The petrol and electric car, called the Kiira SMACK, will have five seats, a top speed of 180 kilometres an hour and will be able to travel 50 kilometres using its lithium-ion battery alone.
The firm says it will also sell station wagons and pick-up trucks made in Uganda, but industry insiders say the project faces “very high risks to its success”.
“If one of the goals was producing an affordable, brand new car for a Ugandan or African market, then that car is still far from affordable and commercially viable.”
Alex Mbaziira, George Mason University, United States
The government is backing the project with 154 billion shillings (US$43.5 million) and 40 hectares of land for a factory at an industrial park in the southeastern town of Jinja, according to Musasizi. The funds come from the Presidential Initiative on Science and Technology, which is part of President Yoweri Museveni’s plan to turn Uganda into an upper middle-income country by 2040.
Although more funding may be needed, KMC finance manager Arthur Tumusiime Asiimwe says he is confident the firm will eventually get more money and will find many customers in the region.
The planned factory would employ 2,500 people, and Asiimwe says the firm will train the required workforce with support from foreign industry partners. In April, KMC agreed a deal with US engineering firm RLE International for it to develop a detailed business strategy and, later, offer engineering support.
But industry newsletter Automotives Insight was less enthusiastic in a June analysis brief. “In addition to facing burdensome manufacturing costs owing to Uganda’s poor energy supply and limited availability of skilled labour, the company will also struggle to find enough buyers in Uganda and the East African region,” it said. In addition, “production volumes [will be] unlikely to compete with other producers in Kenya, the region’s largest automaker”.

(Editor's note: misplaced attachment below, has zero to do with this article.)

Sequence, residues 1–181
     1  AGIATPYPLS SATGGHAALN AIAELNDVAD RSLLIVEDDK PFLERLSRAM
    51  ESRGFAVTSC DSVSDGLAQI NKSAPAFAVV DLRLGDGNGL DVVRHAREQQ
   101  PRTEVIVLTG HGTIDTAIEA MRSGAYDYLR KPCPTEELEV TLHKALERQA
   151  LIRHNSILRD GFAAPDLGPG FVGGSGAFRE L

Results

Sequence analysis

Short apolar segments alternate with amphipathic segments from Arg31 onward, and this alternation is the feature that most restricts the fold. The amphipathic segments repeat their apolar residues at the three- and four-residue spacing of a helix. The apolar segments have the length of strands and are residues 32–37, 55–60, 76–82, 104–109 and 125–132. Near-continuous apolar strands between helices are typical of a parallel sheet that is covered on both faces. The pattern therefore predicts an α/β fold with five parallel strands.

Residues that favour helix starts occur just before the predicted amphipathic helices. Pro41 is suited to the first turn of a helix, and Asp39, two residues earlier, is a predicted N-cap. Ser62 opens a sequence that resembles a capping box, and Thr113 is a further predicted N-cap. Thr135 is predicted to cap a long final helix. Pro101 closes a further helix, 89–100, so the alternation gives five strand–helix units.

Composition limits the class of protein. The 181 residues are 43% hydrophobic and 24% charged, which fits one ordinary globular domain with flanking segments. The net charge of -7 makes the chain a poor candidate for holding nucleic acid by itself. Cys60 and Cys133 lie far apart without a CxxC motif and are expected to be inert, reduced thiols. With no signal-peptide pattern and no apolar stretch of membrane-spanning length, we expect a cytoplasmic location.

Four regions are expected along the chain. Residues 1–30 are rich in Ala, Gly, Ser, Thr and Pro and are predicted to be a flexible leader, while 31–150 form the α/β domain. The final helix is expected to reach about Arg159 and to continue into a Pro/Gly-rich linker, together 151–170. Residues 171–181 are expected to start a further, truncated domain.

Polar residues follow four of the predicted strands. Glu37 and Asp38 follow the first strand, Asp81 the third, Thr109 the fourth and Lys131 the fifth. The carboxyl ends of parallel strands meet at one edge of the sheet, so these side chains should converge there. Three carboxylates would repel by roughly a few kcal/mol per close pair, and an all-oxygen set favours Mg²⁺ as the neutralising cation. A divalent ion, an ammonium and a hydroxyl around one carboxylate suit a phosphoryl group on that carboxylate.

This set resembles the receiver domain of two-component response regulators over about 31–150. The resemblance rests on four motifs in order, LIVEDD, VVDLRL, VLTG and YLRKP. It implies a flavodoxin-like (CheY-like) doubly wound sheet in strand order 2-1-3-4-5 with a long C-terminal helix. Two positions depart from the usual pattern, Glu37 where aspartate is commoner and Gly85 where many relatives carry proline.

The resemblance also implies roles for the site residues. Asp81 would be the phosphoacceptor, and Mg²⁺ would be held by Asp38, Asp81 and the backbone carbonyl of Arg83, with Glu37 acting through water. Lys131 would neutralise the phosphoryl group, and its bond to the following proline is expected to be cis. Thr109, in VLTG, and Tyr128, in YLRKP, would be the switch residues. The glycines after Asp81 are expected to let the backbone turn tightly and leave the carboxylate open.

The company says the hybrid Kiira SMACK will cost US$20,000, down from US$35,000 for a prototype Kiira electric car developed by Makerere University. This two-seat vehicle could carry up to 1,000 kilograms, reach 100 kilometres an hour and cover 80 kilometres on batteries. Powered by a lithium-ion battery, it ran silently and without any air pollution, says Musasizi.
Alex Mbaziira, a PhD student in the Department of Applied Information Technology at George Mason University, United States, said in an email response that the project to develop electric and hybrid vehicles was interesting. But he added that it was unclear what it was trying to achieve.
“If one of the goals was producing an affordable, brand new car for a Ugandan or African market, then that car is still far from affordable and commercially viable,” he said. But a low-polluting car would make sense within congested cities as an alternative to taxi minivans and boda-boda motorbike taxis, Mbaziira said.
“The city and municipal councils could acquire these vehicles and have them as rentals or self-drive cars for people that need to move around the cities,” he said. “Furthermore, there should be incentives for buying an electric vehicle, like green tax credits, reserved green parking lots and free or affordable charging stations.”